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Author Topic: TS 75 varying kerf  (Read 456 times)

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Offline whyland

  • Posts: 3
TS 75 varying kerf
« on: May 10, 2021, 10:11 AM »
I have a TS75 with the 1900mm (75") rail and have been using it to cut a 5' x 5' x .7" sheet of Baltic birch into 5' long by 5" wide strips.  I noticed that, after completing my cuts, if I pushed the two freshly cut pieces up against the remaining plywood the ends would meet up nicely but there was a noticeable gap along the center of the cut. After cutting a couple of strips, I measured the width of the outer ends and the width of the center of a strip with calipers and found the center width to be 0.01" less than the width at each end.

Procedure:
- Lay sheet on top of two pieces of 1" rigid foam with about a 1/2" gap between them for blade to run through.
-Checked the factory edge of the sheet by eye for straightness (not the best way but it looked straight and when I sight down my problem strips the 0.01" "bow" was very noticeable in comparison).
-Set a combo square to 5" + blade kerf and set the edge of the splinter guard (the splinter guard had previously been cut to match the saw for full length) on the rail up against the end of the combo square at each end of the panel.  Adjust at each end back and forth until splinter guard is snug against end of combo square at each end.
-The rail extended past the sheet about 9" on the starting end of the cut and 6" on the far end. I supported the ends of the overhanging rail with some scraps the same thickness of the panel. My cams are set so the saw doesn't wiggle on the rail but still slides freely.
-I put the kick stop in right at the end of the guide rail and but the saw up against it.  This puts the center of the blade pretty well right over the edge of the plywood so I begin the cut by plunging in then advancing at moderate speed listening for any sound of the saw bogging down and stopping when the blade exits the far edge of the plywood.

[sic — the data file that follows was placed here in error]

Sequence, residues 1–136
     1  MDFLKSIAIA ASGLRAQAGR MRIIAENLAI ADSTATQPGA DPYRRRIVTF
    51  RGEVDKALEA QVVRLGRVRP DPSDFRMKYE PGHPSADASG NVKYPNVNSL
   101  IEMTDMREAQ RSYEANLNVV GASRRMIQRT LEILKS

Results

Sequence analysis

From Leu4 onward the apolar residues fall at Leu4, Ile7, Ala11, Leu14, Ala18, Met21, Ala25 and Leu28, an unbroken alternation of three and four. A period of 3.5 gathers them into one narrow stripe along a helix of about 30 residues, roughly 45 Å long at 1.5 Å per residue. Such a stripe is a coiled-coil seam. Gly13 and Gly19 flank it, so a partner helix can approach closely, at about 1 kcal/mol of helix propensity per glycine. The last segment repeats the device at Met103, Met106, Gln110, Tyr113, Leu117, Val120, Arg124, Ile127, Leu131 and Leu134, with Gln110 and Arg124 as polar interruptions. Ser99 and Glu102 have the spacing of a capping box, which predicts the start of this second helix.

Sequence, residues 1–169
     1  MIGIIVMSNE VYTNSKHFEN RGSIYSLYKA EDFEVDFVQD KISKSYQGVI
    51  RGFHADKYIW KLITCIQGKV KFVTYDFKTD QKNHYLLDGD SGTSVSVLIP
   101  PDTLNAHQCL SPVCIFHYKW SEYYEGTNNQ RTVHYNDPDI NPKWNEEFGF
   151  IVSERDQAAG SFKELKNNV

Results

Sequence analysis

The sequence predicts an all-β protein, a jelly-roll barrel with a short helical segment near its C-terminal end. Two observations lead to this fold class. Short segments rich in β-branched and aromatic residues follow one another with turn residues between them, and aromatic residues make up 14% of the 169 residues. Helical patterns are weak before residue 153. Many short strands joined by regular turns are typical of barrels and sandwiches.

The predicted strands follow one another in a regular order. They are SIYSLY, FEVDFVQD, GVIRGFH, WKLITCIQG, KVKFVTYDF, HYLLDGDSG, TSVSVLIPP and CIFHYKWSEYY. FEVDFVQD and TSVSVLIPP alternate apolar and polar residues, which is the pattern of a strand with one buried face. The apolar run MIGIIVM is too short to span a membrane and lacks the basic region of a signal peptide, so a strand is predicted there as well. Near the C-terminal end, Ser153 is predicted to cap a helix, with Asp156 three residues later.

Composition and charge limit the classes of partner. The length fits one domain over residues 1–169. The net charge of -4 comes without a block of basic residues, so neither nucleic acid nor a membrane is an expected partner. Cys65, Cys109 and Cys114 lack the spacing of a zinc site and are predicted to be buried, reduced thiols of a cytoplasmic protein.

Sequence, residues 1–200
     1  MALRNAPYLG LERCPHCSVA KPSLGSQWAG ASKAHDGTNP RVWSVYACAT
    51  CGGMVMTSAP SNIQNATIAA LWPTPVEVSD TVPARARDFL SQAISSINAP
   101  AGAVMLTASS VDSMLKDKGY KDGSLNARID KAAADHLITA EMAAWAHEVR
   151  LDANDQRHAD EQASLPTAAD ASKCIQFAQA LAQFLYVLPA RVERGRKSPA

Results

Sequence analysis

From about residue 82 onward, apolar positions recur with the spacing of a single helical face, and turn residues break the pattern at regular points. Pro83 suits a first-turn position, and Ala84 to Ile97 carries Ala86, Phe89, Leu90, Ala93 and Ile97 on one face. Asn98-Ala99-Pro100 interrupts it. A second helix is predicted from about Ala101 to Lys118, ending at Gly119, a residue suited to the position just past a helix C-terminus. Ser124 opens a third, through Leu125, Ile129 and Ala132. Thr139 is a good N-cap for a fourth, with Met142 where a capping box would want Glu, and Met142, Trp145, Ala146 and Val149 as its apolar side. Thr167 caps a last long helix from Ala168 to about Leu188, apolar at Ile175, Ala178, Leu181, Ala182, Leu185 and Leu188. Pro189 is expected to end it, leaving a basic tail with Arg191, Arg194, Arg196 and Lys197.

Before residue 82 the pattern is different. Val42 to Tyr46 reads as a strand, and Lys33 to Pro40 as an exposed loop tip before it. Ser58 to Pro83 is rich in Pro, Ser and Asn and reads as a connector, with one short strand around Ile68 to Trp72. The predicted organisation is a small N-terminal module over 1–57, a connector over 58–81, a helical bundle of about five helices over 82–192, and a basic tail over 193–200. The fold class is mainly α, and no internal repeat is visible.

Has anyone else had this issue and if so have they found a fix?  I have read that the saw comes set with a slight toe in attitude, could this be causing my issue due to beginning my cut on a plunge or is 0.01" an acceptable deviation over 5'? I would like to use the saw to build cabinet cases so I am trying to work out the kinks in advance.  Any replies/criticism are appreciated.

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Offline squall_line

  • Posts: 424
Re: TS 75 varying kerf
« Reply #1 on: May 10, 2021, 10:35 AM »
Is the rail straight?

If so:

Is the rail clamped during the cut?

What is your hand/arm position when pushing the saw?

What is your previous cutting experience before the TS75?

I ask these things in combination because my own experience prior to Festool was with a straightedge clamped to a folding plastic workbench with a standard circular saw.  Because it wasn't a rail saw, I have a tendency to want to push the saw towards the rail to keep it straight and true.  As a result, a longer rail may have a tendency to flex in the middle and produce gaps like what you're seeing.

I need to re-train my body and muscle memory to get my hand and arm behind the saw (even when walking next to the cut), let the saw do the work, and trust that the rail will be straight and true, instead of forcing the saw sideways to keep it from walking away from the rail (which it can't do because it's on top of the rail, not next to it like a straightedge).

Offline whyland

  • Posts: 3
Re: TS 75 varying kerf
« Reply #2 on: May 10, 2021, 10:58 AM »